Zealous for What Is Good

By Pastor Mark Tanious

Now who is there to harm you if you are zealous for what is good? 14 But even if you should suffer for righteousness’ sake, you will be blessed. Have no fear of them, nor be troubled. 1 Peter 3:13-14

Peter is writing to the church at a time of great persecution and suffering. Throughout his letter, he seeks to encourage the believers to continue to find hope in the resurrection and to live in light of the resurrection (1 Peter 1:3). While we, as Christians in America, may not be experiencing “persecution” in the same way as Christians in the first century, our fighter verses are just as relevant.

Persecution Around the World

First of all, there are Christians all over the world that are suffering and dying for their faith. We must let it sink in that more Christians were martyred in the 20th century than in all previous centuries combined. The weight of this must grieve us. Our brothers and sisters around the world are not just being criticized for claiming the name of Jesus, they are being tortured, beheaded, and even crucified. This is absolutely horrific. And yet we must ask ourselves why would they endure so much pain and suffering?

I believe the answer is that they are convinced with David that, “Because your steadfast love is better than life, my lips will praise you” (Psalm 63:3). Like Peter, these Christians believe that the resurrection of Jesus guarantees their resurrection from the dead. And they eagerly long for the inheritance that God has been guarding for them (1 Peter 1:4). In other words, they know that to die and be with Christ is far greater that anything this world could offer (Philippians 1:21-23). This is not “pie in the sky” mumbo jumbo. This is blood-bought reality that fills the heart of Christians all over the world. This truth changes how they live and die.

Persecution at Home

Because of what is happening around the world, we may not like to use the term persecution to describe what is happening to us in America. I tend to agree with that sentiment. And yet, what is undeniable is that there are Christians in America who have experienced great turmoil because they have chosen to affirm historic Christian views. Some have lost jobs. Others have been ridiculed and shamed publicly. Christian institutions have been threatened with lawsuits.

I have a friend who is brilliant at his craft. He has gained a wonderful reputation among his coworkers and superiors. Over the years he has had opportunity to share about his Christian faith with those at work. One time after being asked about his Christian beliefs, his boss marveled and said that if he knew my friend had held those beliefs while he was being interviewed, he probably wouldn’t have hired him. The threats and struggles are real.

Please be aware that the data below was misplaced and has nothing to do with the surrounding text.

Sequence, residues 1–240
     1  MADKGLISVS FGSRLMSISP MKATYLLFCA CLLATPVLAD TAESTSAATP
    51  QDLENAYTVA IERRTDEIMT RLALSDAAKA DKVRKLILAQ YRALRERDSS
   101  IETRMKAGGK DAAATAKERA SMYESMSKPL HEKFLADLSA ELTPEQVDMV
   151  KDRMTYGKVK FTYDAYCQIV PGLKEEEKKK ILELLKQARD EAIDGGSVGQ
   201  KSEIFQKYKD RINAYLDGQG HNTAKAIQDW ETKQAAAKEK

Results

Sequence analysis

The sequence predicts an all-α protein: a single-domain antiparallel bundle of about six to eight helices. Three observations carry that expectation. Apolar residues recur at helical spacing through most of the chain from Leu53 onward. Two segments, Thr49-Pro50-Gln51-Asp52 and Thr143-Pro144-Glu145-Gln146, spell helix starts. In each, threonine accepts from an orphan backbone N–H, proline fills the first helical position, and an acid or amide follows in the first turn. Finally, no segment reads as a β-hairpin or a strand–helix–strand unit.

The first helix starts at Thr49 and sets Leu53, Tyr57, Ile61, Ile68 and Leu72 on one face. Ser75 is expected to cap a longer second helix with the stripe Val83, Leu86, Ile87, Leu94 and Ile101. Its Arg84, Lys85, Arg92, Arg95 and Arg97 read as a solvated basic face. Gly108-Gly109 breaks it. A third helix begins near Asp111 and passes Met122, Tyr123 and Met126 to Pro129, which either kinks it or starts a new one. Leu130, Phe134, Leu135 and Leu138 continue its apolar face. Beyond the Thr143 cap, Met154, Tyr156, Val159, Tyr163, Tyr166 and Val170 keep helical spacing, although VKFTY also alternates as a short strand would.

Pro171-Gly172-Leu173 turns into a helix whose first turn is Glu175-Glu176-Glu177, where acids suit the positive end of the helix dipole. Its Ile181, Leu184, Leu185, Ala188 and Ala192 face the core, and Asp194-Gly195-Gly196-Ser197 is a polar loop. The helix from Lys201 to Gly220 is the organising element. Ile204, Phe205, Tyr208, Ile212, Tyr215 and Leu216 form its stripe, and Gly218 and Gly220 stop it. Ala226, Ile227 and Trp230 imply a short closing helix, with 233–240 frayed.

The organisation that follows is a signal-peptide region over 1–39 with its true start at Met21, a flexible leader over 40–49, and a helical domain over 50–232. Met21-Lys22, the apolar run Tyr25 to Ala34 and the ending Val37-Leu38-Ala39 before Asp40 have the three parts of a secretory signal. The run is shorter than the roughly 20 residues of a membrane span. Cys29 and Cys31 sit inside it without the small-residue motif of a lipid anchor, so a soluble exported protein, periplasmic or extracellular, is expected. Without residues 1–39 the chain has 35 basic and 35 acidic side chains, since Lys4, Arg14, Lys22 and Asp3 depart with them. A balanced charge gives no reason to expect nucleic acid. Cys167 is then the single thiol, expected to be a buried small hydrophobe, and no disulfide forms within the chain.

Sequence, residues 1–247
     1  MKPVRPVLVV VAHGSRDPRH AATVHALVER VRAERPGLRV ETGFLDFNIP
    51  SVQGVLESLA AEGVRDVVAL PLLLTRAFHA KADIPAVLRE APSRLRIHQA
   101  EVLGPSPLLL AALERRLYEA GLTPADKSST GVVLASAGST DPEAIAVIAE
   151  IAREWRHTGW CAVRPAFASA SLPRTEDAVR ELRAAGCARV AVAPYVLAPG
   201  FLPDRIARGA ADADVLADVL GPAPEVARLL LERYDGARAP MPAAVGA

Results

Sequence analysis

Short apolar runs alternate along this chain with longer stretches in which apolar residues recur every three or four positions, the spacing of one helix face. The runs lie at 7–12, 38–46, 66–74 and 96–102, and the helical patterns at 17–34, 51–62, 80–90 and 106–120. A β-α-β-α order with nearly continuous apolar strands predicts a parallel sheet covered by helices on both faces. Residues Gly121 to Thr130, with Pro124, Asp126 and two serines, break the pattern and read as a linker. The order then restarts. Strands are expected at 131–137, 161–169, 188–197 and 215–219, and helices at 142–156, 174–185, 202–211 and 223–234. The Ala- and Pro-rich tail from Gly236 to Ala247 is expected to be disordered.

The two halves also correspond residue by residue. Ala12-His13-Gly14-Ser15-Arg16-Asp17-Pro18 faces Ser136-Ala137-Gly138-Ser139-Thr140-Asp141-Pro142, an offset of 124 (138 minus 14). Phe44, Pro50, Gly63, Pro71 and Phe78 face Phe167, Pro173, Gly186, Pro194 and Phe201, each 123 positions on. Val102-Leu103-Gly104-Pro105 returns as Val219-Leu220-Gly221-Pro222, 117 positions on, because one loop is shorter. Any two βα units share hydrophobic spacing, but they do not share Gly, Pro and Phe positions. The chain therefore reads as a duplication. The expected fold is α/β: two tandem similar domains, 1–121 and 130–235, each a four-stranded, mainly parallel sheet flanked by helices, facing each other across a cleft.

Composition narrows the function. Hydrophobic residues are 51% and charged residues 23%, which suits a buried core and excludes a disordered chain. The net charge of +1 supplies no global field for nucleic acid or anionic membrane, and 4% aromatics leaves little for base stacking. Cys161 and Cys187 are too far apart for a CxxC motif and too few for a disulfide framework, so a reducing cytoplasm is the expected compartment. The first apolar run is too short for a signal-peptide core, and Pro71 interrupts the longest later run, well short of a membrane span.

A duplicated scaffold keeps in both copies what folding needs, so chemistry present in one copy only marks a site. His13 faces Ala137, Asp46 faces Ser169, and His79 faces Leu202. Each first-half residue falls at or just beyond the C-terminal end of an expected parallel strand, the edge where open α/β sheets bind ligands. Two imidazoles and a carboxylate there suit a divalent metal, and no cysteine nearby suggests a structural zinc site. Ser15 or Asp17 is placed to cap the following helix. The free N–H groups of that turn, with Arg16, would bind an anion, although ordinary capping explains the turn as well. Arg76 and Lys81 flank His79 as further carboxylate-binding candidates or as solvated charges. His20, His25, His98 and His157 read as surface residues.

So what do we do? Peter tells us to be “zealous for what is good.” First of all, this means we shouldn’t go around seeking to offend everybody. I mentioned on Sunday that if your Christian beliefs and practices never offend people or always offend people, something is wrong. We should continue to affirm the exclusive beliefs of Christianity, but seek to be the inclusive in our actions toward others.

The early church lived out this vision. They preached a message of Jesus as the crucified Son of God who had risen from the dead. This message was incredibly offensive and led to persecution (Acts 4:3, 7:58, 8:3, 12:1-2). And yet at the same time, the early church cared for the poor, loved their neighbors, and showed extravagant grace to all people. This was incredibly attractive and led to many people becoming followers of Jesus (Acts 2:41-47, 4:32-37, 9:31).

Our desire to do good should be “zealous”—enthusiastic, fervent, passionate. May we love our community so deeply that we want to see it transformed spiritually and physically. And if people are offended by the message of the cross, then so be it. The cross will be seen as foolishness to many (1 Corinthians 1:18). But others will be drawn to Christianity when they realize the heart of its message is not power, but self-sacrificing love. May we love our enemies as radically as Christ loved his enemies. And if we suffer for doing good, we don’t have to fear, but can find comfort and confidence in the promises of Christ: that we will experience his blessing now and our reward will be great in heaven (Matthew 5:12).